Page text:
Six months ago, strange though it sounds, there was an almost light-hearted atmosphere. Jakartans seemed scandalised and amused by their own daring as they carried away television sets and food.
There were far more women on the streets; many of the looted items were anonymously returned a few days later, and there was no anti-foreign sentiment. Yesterday, however, there numerous reports of foreign journalists and diplomats robbed, abused and threatened.
Small groups of soldiers who fired warning shots to drive away the mobs tried intermittently to prevent some of the rioting. "I have instructed the minister of defence to immediately take stern action against what is happening, in accordance with the law," President Suharto's successor, BJ Habibie, said in a televised broadcast.
But the security forces' actions in the past few days make little sense. On Friday, peaceful demonstrators were shot dead. Yesterday, as mobs marauded around the city, the soldiers were largely absent or indifferent. "The movement's actions have been categorised as treachery which endanger the country's unity as well as the life of the nation. Their actions are also heading towards toppling a legitimate government," President Habibie said.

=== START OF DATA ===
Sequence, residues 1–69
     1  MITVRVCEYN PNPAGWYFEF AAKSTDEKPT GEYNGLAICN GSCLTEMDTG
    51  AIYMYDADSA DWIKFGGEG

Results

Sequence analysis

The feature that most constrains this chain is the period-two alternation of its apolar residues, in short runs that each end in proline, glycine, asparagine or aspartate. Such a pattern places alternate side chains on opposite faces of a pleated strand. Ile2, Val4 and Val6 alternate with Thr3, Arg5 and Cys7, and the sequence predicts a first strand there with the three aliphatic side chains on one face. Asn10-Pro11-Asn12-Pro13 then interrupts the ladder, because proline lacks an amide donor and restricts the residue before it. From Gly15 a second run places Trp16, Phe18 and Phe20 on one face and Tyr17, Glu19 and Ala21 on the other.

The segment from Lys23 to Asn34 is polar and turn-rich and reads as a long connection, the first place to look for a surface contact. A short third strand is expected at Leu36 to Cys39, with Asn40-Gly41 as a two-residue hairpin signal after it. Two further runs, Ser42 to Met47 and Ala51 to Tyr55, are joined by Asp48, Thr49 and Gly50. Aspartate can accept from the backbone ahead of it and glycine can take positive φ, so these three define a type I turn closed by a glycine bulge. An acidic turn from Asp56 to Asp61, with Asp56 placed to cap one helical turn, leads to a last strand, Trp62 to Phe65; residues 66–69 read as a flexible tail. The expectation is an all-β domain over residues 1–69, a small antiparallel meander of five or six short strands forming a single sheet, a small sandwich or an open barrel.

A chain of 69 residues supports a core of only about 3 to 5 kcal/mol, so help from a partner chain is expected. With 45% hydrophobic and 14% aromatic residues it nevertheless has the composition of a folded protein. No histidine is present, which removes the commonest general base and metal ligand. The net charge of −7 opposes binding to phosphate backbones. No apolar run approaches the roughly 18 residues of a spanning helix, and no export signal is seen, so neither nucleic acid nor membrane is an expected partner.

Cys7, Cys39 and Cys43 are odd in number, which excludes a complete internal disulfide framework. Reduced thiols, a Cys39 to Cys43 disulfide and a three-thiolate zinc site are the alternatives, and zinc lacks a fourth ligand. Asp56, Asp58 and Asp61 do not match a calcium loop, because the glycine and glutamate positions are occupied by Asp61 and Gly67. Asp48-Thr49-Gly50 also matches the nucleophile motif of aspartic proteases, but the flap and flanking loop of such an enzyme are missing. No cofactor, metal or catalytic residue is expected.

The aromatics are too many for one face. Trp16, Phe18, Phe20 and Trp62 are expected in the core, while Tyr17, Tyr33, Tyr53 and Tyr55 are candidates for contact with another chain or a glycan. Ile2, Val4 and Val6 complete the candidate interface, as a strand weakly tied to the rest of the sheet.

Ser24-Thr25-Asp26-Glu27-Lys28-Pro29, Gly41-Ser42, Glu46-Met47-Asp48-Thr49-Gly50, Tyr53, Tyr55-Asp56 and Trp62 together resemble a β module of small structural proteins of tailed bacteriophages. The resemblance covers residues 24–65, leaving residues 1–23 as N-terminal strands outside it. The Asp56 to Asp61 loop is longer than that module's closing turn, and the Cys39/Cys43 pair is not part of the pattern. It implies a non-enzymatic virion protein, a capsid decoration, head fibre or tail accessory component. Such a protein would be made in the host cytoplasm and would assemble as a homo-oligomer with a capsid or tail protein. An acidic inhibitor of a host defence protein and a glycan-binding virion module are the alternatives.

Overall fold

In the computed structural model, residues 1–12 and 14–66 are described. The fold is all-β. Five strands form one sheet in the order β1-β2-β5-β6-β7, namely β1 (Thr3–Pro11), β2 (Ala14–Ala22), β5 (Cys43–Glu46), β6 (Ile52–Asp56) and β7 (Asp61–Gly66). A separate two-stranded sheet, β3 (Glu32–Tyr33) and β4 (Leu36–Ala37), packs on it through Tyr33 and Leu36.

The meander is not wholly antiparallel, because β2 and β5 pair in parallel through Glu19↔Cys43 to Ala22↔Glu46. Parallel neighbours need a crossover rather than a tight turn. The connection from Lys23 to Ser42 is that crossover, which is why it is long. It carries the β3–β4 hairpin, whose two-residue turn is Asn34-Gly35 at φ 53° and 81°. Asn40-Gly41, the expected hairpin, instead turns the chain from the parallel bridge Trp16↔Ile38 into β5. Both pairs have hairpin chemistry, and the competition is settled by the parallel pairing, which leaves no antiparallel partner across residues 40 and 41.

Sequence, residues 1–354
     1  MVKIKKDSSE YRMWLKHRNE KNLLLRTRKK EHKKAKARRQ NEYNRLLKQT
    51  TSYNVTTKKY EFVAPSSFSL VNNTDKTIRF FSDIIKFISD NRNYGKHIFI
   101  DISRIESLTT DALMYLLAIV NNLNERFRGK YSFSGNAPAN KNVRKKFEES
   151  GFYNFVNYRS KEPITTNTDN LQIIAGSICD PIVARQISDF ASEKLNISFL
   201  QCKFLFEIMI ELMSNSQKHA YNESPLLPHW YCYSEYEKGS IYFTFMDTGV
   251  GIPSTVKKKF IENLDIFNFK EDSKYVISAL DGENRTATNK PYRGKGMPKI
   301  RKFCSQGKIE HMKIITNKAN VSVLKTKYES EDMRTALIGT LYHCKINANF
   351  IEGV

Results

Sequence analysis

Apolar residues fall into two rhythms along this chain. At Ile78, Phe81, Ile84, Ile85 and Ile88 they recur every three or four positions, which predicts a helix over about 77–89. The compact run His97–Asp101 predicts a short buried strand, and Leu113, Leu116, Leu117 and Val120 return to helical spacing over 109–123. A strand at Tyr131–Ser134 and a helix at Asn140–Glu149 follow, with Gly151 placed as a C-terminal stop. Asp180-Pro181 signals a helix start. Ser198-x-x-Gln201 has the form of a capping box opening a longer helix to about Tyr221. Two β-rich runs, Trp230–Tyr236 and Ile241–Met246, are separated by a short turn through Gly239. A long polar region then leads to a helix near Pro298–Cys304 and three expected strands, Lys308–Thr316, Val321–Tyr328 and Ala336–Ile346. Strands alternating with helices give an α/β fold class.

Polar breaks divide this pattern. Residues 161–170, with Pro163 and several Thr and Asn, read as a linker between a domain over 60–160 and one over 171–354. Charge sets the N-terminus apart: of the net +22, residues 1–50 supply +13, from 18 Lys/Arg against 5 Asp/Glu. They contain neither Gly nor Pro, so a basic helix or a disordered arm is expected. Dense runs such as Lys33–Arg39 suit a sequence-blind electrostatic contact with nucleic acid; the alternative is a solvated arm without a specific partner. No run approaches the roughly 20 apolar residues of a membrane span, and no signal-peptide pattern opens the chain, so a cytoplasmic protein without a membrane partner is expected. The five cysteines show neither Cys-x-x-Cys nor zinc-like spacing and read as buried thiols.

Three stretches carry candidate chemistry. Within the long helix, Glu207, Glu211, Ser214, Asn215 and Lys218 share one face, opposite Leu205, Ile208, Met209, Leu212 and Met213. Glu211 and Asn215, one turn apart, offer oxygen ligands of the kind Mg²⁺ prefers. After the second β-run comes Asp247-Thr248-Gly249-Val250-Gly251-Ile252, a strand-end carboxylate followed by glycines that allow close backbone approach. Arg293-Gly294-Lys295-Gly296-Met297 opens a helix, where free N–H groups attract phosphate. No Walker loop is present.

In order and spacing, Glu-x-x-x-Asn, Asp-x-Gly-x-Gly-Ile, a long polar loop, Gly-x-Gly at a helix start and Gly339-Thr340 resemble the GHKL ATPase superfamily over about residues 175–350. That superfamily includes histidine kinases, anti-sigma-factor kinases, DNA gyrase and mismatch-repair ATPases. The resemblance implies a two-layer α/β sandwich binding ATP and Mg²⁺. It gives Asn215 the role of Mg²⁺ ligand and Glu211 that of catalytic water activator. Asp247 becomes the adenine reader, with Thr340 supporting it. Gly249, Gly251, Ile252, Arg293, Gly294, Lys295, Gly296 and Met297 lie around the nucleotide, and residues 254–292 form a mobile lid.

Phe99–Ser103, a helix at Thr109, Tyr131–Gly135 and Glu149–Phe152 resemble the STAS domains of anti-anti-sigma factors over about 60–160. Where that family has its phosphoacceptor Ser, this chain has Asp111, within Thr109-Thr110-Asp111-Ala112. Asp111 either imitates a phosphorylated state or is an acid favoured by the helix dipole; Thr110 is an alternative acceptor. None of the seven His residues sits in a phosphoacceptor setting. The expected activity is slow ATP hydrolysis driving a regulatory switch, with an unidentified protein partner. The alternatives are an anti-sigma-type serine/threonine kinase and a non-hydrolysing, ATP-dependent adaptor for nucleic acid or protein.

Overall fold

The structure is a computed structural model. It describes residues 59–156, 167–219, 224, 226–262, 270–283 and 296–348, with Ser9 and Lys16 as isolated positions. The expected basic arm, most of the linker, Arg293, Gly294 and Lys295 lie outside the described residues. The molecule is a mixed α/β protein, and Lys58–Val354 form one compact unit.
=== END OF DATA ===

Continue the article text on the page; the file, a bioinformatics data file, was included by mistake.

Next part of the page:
Herein lies the most important question about events in Indonesia. Who is directing the military's actions and what do they hope to gain?
Yesterday foreign diplomats in Jakarta were picking through the possibilities. The favourite theory is that it is a ploy by someone to discredit the government of President Habibie, thus forcing him to stand aside. But for whom?